Frustrated by congressional gridlock, WeatherTech founder David MacNeil, a megadonor to Donald Trump’s inauguration, said Friday he is cutting off funding to any Republican candidate who doesn’t support pending legislation protecting young immigrants who were brought to the country illegally as children.
“I’m not supporting politicians that aren’t working hard to get this done, from the dogcatcher on up,” MacNeil said by phone from Italy, where he was traveling.
MacNeil, an entrepreneur who built a car floor mat manufacturing empire in south suburban Bolingbrook, donated $1 million to Trump’s January 2017 inauguration. He shares the “made in America” mantra that dominated Trump’s campaign, as well as the call for tighter border security.
But Trump’s September decision to rescind the Deferred Action for Childhood Arrivals program has hit home for MacNeil, who has at least two people covered by the program among the 1,600 employees at WeatherTech.
One of them is an 11-year employee and the company’s export sales manager. On Thursday night, she accepted the large business exporter of the year award from the Illinois Department of Commerce and Economic Opportunity on behalf of WeatherTech, MacNeil said.
The employee, who came to the Chicago area with her family from Mexico when she was 12 years old, may soon be out of a job, or deported, without DACA protection, MacNeil said.
“She works in the export department, helping sell American-manufactured goods all over the world,” he said. “Is this not an important person? Is this not an important job? It just frustrates me to see political deadlock and gamesmanship and playing political football with people’s lives.”
While MacNeil is a vocal spokesman for his own company — he voices his own radio spots, for example — he is not used to being outspoken on political issues. But he chose to speak up this week as part of a broader effort by the Illinois Business Immigration Coalition, a group of business leaders and associations that formed five years ago to promote immigration reform.
MacNeil is on the coalition’s steering committee.
The coalition is looking to push a discharge petition introduced earlier this month by moderate Republicans that would bypass House leadership and bring four competing DACA-related measures to the floor for consideration.
The peitition has gained momentum and is just a few Republican votes shy of succeeding, said Rebecca Shi, executive director of the Illinois Business Immigration Coalition.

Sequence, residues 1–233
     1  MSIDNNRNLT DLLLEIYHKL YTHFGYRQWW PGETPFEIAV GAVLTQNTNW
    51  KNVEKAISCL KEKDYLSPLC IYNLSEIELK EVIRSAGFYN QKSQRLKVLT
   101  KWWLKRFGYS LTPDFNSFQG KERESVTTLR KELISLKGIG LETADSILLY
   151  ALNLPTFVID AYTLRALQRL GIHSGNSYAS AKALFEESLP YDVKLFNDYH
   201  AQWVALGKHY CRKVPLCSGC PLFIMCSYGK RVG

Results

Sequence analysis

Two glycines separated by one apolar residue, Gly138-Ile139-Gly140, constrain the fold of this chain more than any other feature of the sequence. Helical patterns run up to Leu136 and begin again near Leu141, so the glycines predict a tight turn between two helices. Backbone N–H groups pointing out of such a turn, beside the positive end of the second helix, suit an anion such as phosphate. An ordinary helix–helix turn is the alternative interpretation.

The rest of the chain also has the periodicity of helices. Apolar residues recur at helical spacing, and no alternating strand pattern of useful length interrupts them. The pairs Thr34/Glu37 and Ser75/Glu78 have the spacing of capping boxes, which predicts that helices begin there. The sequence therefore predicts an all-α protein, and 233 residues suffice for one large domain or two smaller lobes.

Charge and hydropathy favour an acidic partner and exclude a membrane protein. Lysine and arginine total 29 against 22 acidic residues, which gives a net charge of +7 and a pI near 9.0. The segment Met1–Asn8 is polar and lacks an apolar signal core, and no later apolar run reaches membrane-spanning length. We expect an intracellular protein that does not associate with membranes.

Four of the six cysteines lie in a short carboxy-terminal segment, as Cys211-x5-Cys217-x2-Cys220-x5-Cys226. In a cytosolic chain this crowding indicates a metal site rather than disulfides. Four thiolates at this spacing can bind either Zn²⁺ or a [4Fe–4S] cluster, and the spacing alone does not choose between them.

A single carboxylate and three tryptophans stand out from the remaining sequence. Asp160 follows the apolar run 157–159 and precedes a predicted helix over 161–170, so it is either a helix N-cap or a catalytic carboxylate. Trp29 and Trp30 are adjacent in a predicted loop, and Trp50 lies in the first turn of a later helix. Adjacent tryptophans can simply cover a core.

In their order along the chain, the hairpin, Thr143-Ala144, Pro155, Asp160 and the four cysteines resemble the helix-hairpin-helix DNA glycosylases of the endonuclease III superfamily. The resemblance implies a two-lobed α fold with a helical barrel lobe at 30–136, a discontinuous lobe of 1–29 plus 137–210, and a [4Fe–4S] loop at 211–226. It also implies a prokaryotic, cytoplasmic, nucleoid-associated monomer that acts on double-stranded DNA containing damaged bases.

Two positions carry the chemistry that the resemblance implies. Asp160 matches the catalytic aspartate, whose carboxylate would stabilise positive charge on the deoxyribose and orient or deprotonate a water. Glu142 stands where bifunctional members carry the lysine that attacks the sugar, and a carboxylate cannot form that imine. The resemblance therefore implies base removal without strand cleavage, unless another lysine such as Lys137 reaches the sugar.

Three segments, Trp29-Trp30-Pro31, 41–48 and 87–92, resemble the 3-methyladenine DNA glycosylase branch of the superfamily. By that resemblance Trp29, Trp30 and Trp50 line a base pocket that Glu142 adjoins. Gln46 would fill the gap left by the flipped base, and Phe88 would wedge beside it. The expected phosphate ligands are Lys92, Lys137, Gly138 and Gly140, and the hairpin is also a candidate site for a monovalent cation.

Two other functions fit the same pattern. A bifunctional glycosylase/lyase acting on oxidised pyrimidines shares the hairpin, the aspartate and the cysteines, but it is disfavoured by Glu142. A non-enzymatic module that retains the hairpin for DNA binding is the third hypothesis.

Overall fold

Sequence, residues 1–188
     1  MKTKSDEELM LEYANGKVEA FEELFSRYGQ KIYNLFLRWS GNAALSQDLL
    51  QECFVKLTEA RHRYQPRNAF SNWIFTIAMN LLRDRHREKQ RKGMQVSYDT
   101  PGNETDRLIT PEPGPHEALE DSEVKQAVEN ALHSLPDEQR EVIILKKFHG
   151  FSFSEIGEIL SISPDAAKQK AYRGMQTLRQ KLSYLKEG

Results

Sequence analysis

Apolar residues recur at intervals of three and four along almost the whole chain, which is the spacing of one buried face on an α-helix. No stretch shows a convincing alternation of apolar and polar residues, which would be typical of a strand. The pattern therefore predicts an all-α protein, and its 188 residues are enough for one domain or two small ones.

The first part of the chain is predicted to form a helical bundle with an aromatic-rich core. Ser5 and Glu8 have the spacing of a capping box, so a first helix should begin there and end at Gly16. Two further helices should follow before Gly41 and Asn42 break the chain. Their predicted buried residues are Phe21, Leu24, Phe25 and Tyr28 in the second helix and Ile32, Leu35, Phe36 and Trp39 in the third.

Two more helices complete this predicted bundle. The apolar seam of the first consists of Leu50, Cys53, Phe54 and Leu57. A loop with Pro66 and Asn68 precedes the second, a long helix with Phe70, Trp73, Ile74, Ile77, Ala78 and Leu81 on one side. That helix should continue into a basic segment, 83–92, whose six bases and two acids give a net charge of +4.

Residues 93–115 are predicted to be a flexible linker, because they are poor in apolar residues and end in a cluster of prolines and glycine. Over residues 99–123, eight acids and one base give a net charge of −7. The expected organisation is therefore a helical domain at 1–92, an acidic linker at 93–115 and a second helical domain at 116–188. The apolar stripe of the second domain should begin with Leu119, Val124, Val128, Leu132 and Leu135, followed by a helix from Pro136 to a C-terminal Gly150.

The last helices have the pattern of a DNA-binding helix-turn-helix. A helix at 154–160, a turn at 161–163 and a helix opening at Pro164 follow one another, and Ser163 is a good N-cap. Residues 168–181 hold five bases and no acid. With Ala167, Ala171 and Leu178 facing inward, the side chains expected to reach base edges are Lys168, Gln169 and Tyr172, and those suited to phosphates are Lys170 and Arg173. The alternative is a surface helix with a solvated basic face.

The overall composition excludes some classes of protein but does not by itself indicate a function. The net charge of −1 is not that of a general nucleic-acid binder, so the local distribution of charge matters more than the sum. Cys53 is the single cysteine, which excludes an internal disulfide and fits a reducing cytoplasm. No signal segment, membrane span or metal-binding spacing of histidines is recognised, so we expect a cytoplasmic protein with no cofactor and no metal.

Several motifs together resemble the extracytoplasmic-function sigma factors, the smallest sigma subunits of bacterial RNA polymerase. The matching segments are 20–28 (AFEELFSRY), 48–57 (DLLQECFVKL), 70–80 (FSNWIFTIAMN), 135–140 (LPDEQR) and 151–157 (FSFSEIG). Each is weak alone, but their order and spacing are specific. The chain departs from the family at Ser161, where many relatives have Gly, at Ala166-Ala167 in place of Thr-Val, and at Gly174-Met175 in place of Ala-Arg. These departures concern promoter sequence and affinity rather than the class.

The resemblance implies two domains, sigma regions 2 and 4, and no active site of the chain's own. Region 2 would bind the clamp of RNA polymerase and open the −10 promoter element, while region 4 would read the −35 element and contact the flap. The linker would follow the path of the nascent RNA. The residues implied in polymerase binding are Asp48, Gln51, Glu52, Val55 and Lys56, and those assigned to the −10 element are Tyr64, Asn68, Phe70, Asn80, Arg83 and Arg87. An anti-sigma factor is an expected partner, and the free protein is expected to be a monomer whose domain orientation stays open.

“We saw this discharge petition moving. … We were just about five Republican votes short of getting this to the floor,” Shi said Friday. “We made the decision, our business leaders really wanted to make sure their voices were heard loud and clear.”
Enacted by President Barack Obama in 2012 through executive order, DACA provided temporary relief to about 800,000 young immigrants brought to the United States illegally as children, enabling them to work and attend schools without the threat of deportation. It did not provide permanent legal status and needed to be renewed every two years.
While Trump’s decision to rescind the program is working its way through the court system, Congress has been unable to move forward on any permanent legislation to replace it.
MacNeil said he supported Trump’s decision to rescind the executive order but urged him to get behind a permanent legislative solution.
“This is a law that needs to be enacted by Congress,” he said.
Until then, MacNeil and other business leaders are watching which legislators sign on to the petition, and which do not. Fixing the program, MacNeil said, will be a prerequisite to his future financial support of candidates.
If efforts to move immigration legislation forward fail, MacNeil said the forced termination of his workers would be a blow to his company and a personal loss. But MacNeil, a U.S. citizen who emigrated legally from Canada as an infant, said the loss to the country would be devastating.
“America is a country of immigrants, and there are 800,000 people who have grown up here and been educated here — they have their own American dreams to follow,” he said. “To think that we would possibly jeopardize losing these people to some other country would be a tragedy of epic proportion.”
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